In honor of International Podcast Day on 30 September, Sounding Out! brings you Pod-Tember (and Pod-Tober too, actually, now that we’re bi-weekly) a series of posts exploring different facets of the audio art of the podcast, which we have been putting into those earbuds since 2011. Enjoy! –JS
Last month, Gimlet media released the audio-feature length podcast The Final Chapters of Richard Brown Winters, starring Catherine Keener, Parker Posey, Bobby Cannavale, Sam Waterston, and Darrell Britt-Gibson, many of the same cast members from their critically-acclaimed podcast Homecoming, and also co-written by Eli Horowitz, Homecoming’s co-creator and co-showrunner. Along with the podcast’s famous move to Amazon TV in 2017, Gimlet’s podcast reunion prompted me to re-listen to Homecoming, trying to figure out how its signature use of audio—characterized by Horowitz as “letting the scenes and the conversation create the action instead of describing the action”—propelled the series to its success in the first place.
Homecoming concerns characters connected with afictional military rehabilitation facility in Tampa, Florida, that ostensibly prepares soldiers suffering PTSD for a return for civilian life. The soldiers are subjects of an experimental drug treatment program devised by the US Defence Department-affiliated Geist Group to erase traumatic memories of combat and eliminate resistance to re-deployment. Set in a specifically post-9/11 political milieu, the series plays out in the implied real world context of multiple and on-going US foreign military interventions. Homecoming foregrounds the sonic/auditory modes associated with war–in particular covert electronic surveillance–working to create an atmosphere infused with suspicion, secrecy and deception. In Homecoming’s dissonant sonic/narrative environment ‘home’ is as perilous as the frontline.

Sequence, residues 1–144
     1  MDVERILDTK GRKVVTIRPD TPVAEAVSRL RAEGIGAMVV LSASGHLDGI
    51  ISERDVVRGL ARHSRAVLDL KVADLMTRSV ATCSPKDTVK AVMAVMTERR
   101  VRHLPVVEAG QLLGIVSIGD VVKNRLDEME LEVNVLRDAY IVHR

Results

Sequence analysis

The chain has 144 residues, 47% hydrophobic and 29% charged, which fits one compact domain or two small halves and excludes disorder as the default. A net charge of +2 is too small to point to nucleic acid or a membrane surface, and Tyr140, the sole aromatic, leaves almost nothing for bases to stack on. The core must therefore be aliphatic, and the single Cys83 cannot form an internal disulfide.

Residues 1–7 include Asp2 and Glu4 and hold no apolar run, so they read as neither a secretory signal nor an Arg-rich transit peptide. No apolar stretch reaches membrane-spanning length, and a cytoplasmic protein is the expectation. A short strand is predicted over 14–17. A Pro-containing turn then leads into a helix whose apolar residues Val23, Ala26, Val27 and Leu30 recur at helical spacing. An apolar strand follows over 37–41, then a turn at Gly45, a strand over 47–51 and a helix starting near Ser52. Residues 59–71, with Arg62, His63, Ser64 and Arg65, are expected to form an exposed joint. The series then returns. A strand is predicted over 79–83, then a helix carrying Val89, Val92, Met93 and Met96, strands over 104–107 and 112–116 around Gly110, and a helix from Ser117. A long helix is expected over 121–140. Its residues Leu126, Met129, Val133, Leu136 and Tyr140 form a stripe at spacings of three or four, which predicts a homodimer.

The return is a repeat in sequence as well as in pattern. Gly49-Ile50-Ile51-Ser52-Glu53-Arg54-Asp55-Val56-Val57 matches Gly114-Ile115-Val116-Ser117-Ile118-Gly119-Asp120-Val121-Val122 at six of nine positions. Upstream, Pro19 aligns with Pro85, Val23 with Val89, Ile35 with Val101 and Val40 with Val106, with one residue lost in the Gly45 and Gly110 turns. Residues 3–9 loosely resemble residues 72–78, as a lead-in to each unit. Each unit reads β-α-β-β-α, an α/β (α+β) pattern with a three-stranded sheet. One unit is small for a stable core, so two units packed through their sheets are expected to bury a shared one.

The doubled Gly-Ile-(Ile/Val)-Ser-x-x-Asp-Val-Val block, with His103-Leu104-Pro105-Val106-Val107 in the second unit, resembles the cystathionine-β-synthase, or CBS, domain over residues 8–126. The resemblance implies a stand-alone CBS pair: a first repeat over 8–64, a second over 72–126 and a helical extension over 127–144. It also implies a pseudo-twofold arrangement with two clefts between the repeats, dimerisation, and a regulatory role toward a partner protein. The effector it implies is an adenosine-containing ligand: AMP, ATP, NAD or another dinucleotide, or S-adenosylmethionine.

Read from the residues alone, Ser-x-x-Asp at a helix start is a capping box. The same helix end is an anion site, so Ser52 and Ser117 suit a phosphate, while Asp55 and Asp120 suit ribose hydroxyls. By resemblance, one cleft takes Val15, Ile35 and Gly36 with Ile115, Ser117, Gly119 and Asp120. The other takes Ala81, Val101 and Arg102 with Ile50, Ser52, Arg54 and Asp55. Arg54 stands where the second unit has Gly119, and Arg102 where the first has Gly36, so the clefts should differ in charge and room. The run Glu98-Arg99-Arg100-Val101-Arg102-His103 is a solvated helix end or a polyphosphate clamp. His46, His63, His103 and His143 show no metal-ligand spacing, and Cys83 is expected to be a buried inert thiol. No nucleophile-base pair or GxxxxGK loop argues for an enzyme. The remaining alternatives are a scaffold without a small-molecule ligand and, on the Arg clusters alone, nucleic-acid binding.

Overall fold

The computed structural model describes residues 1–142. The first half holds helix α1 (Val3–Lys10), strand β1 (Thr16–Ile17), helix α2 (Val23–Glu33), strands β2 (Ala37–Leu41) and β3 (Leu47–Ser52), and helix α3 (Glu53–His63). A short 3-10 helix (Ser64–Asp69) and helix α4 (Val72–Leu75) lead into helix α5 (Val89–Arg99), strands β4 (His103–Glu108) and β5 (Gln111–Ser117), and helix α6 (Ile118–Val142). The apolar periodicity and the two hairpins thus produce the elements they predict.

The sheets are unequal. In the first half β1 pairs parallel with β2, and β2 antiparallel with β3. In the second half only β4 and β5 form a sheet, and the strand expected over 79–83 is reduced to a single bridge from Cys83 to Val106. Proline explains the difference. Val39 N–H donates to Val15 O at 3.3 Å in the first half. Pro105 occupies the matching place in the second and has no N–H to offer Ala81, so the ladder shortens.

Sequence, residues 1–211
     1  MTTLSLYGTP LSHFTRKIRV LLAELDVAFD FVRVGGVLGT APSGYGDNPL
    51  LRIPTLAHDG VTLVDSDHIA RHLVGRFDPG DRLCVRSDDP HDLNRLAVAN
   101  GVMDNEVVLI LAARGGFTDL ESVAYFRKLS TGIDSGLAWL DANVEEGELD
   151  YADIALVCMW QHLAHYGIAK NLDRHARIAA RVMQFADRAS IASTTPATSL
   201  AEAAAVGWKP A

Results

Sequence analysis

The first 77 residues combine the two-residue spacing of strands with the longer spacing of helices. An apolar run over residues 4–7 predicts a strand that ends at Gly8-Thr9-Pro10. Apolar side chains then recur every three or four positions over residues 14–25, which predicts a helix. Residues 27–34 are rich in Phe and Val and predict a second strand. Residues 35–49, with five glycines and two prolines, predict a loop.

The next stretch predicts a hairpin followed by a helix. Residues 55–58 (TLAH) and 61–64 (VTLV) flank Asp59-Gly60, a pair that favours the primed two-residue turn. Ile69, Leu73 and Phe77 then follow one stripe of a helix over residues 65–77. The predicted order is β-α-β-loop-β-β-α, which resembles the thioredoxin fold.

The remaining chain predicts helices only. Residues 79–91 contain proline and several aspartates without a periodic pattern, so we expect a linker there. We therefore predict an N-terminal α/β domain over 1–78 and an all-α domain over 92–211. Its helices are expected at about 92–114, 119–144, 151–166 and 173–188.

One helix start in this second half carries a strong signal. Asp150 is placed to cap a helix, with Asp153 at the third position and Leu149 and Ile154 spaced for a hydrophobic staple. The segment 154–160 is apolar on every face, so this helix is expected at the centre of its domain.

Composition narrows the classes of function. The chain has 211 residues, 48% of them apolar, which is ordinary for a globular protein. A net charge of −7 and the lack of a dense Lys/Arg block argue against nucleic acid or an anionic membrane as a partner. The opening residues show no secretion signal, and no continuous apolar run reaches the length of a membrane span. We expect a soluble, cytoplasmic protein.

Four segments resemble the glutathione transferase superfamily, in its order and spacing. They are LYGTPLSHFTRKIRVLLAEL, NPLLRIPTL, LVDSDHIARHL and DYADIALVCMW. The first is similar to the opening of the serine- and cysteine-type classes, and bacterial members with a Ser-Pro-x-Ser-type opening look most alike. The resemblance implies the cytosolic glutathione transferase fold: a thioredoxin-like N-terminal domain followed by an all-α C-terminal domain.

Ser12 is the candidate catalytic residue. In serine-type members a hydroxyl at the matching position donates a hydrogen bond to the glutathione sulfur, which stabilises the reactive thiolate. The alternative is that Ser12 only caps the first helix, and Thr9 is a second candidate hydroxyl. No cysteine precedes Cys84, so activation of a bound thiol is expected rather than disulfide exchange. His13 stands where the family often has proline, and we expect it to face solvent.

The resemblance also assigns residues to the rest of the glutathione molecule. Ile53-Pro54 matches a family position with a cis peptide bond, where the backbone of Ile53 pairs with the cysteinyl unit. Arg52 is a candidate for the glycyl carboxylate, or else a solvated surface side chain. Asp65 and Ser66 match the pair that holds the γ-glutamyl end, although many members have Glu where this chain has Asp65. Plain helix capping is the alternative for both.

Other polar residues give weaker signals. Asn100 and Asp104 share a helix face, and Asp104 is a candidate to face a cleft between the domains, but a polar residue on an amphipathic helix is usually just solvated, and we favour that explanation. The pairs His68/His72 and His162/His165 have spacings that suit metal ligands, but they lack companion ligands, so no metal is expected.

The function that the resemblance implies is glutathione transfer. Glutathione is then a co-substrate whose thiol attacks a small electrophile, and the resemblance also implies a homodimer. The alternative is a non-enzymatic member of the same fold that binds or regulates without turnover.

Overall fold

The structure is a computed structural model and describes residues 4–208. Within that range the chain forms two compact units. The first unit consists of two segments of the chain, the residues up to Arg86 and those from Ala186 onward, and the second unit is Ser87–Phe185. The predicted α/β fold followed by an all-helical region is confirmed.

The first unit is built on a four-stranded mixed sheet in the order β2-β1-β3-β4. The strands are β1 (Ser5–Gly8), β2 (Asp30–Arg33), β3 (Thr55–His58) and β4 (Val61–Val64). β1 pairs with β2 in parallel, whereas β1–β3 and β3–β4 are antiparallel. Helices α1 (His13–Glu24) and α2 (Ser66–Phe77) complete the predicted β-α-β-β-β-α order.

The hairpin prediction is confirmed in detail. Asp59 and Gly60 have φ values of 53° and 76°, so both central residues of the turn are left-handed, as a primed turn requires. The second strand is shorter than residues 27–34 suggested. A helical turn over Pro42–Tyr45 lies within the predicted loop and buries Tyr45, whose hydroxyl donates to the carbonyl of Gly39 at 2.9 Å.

Dissonance and displacement inherent in the auditory experience are overarching themes in Homecoming and manifest in an atmosphere of uncertainty regarding temporality, memory, identity and ideas of “home” itself. The sonic world of Homecoming is infused with a sense of discord—recorded audio is subject to manipulation and misinterpretation—and the voice is a site of multiplicities that destabilise concepts of identity and reality. The podcast’s pervasive “out of tune-ness” produces a heightened state of listening – a hypervigilance – both in Homecoming’s characters as they attempt to decipher multiple conflicting aural “intel,” and in the podcast’s audience as we do likewise. It is this dissonance that compels Homecoming’s listeners to prick up our ears and listen more keenly.
The series’ distinctive non-linear, explicitly sound technology-mediated storytelling style takes the form of an “enigmatic collage” of sound artifacts: recorded therapy sessions between Heidi Bergman (Catherine Keener), a case worker/counsellor at the Homecoming facility, and Walter Cruz (Oscar Isaac), a soldier whose recovery she is monitoring; fraught phone conversations between Heidi and the heavily-compromised senior management at Geist; covert surveillance tapes of interaction at the facility between Walter and fellow soldier, Schrier (Babak Tafti), and between Walter and Heidi; and a series of voice messages ostensibly left by Walter on a mobile phone he has given to his mother.